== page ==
Songs by Franz Schubert
Conceived and directed by Matthew Lutton
Original text by Tom Holloway
Choreography by Chrissie Parrott
Composition and Sound Design by Kelly Ryall
Lighting design by Paul Jackson
Music supervisor Iain Grandage
Performed by Paul Capsis, James O’Hara, George Shevtsov and Alister Spence
State Theatre Centre Studio
19 - 30 April, 2011
|George Shevtsov and Paul Capsis in Die Winterreise|
If Matthew Lutton’s notable extrapolation from Franz Schubert’s song cycle Die Winterreise has a flaw, it’s incidental to the piece he and his creative team and performers present on stage at the STC Studio.
I strongly advise you not to read the director’s programme notes or the advance publicity for the show. I think they create misleading impressions or, at the very least, limit your ability to immerse yourself in the work and let your mind be provoked by its powerful imagery and sensory stimulations.
If that means your understanding of the story Lutton is telling is different from his intention, that’s not a failure on your part, or his. Rather, it’s a demonstration of the power of the imagination – the artists’ and yours – to draw a limitless range of conclusions from the same material. And somewhere in that universal yet singular process is the genesis of art.
The actor (George Shevtsov) is alone in his house. He’s cooking dinner – For himself? For others? – and listening to Die Winterreise on a gramophone. Outside, leaves fall, or maybe rain, in a small suburban back yard; or perhaps the house sits alone in a vast wilderness.
He sings along while he cooks. The singer (Paul Capsis) and the dancer (James O’Hara) enter. Are they his friends? Do they mean him harm? Are they figments of his imagination? The musician (Alister Spence) goes to a piano and plays. The singer sings, the dancer dances.
The singer puts his hand softly on the actor’s shoulder; the actor beats the dancer against a table; but for much of the time the three gravitate around each other without contact or obvious connection.
The actor sets a table for four, but then dashes the crockery to the ground. He constantly stares out of windows and doors, raises and lowers blinds. Is someone coming? Is he waiting for their arrival, or dreading it? Can he hear the laughter of children approaching, or the drumbeat of marching feet?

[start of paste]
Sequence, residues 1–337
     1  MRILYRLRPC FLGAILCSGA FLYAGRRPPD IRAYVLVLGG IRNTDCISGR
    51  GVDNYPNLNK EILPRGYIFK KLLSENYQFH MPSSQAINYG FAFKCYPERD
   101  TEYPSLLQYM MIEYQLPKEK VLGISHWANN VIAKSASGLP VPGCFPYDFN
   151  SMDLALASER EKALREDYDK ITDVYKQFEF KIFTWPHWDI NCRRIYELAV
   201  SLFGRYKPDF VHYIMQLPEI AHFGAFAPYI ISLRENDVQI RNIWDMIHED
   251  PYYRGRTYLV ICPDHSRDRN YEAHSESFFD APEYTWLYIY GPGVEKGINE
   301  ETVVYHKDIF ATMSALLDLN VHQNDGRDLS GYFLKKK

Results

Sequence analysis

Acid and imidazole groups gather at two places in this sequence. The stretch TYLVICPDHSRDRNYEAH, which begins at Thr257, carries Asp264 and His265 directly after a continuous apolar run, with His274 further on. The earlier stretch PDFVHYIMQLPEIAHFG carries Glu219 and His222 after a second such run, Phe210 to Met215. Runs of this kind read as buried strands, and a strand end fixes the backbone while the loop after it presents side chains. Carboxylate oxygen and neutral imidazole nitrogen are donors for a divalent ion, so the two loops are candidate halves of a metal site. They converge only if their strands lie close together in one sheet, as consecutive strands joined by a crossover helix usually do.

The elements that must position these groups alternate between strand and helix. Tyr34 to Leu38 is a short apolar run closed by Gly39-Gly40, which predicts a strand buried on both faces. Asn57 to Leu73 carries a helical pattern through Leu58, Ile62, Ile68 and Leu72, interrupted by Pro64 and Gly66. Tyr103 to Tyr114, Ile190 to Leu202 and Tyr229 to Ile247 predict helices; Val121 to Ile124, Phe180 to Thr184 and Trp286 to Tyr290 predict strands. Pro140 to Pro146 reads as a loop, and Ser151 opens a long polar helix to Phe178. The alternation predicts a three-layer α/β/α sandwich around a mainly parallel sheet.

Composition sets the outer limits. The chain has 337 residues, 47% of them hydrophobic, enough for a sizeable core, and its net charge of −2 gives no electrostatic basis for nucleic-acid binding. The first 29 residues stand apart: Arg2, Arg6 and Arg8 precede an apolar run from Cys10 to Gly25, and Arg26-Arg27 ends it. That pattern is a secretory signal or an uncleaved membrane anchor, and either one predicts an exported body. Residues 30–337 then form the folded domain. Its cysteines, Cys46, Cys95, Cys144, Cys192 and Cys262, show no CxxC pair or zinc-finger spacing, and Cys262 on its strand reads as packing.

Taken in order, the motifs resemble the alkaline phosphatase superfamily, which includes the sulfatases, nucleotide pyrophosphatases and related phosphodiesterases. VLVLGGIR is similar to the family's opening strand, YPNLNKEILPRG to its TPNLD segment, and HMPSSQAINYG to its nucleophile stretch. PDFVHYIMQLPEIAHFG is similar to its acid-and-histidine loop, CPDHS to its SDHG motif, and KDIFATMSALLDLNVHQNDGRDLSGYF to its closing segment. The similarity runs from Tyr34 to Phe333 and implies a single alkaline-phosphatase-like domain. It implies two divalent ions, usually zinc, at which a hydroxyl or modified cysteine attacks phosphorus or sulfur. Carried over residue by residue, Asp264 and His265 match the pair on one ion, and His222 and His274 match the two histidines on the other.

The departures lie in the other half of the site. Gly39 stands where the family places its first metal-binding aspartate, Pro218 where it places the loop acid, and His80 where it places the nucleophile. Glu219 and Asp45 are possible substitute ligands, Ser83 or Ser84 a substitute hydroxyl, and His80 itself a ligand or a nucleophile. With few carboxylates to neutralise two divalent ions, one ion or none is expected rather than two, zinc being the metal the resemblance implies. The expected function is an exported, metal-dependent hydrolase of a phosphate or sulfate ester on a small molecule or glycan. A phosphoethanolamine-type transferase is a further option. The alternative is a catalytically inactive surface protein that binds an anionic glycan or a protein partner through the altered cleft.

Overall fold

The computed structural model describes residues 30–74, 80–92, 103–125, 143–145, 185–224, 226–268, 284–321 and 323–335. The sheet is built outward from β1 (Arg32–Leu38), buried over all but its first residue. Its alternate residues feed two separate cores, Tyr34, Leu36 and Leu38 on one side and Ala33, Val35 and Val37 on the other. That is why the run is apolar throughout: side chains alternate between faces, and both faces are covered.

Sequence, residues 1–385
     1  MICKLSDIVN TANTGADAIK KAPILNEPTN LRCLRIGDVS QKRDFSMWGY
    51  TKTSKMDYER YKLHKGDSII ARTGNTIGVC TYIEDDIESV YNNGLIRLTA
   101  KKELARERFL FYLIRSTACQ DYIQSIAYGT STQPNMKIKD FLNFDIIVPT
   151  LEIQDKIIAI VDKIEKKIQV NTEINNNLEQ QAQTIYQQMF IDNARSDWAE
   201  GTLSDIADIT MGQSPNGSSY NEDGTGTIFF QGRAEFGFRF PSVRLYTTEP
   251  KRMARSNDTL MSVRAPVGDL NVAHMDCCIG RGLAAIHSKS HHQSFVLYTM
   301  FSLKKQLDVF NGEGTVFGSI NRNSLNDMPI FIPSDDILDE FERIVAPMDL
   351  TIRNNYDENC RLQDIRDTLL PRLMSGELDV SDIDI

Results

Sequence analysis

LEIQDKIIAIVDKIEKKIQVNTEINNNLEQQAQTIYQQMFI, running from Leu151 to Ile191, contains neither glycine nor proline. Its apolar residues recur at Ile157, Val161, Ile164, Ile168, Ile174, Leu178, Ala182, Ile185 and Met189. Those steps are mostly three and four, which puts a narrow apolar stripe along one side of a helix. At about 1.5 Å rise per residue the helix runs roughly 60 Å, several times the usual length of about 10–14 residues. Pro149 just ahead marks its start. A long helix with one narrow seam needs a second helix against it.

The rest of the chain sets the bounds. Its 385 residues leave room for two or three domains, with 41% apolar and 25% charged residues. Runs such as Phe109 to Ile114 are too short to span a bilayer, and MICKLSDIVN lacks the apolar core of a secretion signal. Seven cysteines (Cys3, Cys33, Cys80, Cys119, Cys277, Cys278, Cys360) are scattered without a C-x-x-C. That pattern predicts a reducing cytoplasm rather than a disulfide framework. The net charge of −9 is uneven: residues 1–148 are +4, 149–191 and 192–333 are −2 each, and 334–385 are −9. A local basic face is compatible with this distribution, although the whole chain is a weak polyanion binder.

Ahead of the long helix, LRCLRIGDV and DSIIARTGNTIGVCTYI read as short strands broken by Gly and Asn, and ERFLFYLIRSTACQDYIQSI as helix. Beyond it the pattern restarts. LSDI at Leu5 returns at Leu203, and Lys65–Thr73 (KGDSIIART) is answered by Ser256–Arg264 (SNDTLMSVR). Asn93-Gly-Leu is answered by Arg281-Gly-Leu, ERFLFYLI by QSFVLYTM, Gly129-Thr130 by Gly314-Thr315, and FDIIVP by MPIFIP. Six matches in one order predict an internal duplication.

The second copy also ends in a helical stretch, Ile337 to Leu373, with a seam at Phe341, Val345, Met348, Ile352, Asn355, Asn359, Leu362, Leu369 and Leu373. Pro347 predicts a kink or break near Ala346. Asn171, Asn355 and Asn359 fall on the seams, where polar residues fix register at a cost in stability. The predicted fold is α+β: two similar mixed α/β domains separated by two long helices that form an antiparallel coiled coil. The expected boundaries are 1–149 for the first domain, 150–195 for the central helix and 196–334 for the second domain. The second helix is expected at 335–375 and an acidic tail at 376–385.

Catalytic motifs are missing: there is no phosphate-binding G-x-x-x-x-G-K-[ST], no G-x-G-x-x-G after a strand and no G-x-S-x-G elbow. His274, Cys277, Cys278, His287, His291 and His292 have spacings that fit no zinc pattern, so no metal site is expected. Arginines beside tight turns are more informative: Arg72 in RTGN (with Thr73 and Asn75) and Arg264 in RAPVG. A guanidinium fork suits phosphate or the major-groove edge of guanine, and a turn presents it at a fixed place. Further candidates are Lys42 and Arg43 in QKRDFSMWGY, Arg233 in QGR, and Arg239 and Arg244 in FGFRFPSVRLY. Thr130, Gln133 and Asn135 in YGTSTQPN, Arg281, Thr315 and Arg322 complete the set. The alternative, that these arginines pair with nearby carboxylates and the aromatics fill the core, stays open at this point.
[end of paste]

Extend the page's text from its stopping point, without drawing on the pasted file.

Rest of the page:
Outside snow begins to fall. Soon, it is falling inside the room as well. The actor speaks. He walks outside and disappears into the blizzard. The music stops. The dance is still. You are left with your thoughts.
This is a beautifully realised piece of theatre, well imagined and performed. The team of sound designer Kelly Ryall, music supervisor Iain Grandage, accompanist and arranger Spence and the phenomenal Capsis have created a wonderful place for Schubert’s mournful, lovely songs, letting the melodies weave through a soundscape that ranges seamlessly from cabaret primping to primal screams. Schubert is the most modern of early nineteenth century composers, and these interpretations have contemporary touches from Randy Newman to Radiohead without once losing integrity or focus.
Chrissie Parrott and O’Hara bring the show a choreography that is both mesmerising and often terrifying to watch. We’re used to having our hearts in our mouths watching footballers dice with injury – there were times during O’Hara’s dances when he drew out that same spine-tingling fear.
And in Shevtsov, Lutton has the perfect actor for the haunted soul whose story (and whose alone, I think) this is. His face rarely moves, and yet it carries grief and knowledge and history in its folds. When he breaks and, in his ruin, tells his awful story, Shevtsov performance rises to a quite majestic height.
The new Studio allows a much higher level of technical production in a small space than Perth has enjoyed until now, and the Malthouse Melbourne team of designer Adam Gardiner, the aforementioned Ryall, lighting designer Paul Jackson and stage manager Darren Kowacki take full advantage of the resources at their disposal. It looks great, it sounds amazing and it’s lit to a T. The one scene change in the play’s 80 minutes seems simple but is actually detailed and surprising.
So make of Die Winterreise what you will, and take from it what you wish. It’s a fine achievement, and one you should try not to miss.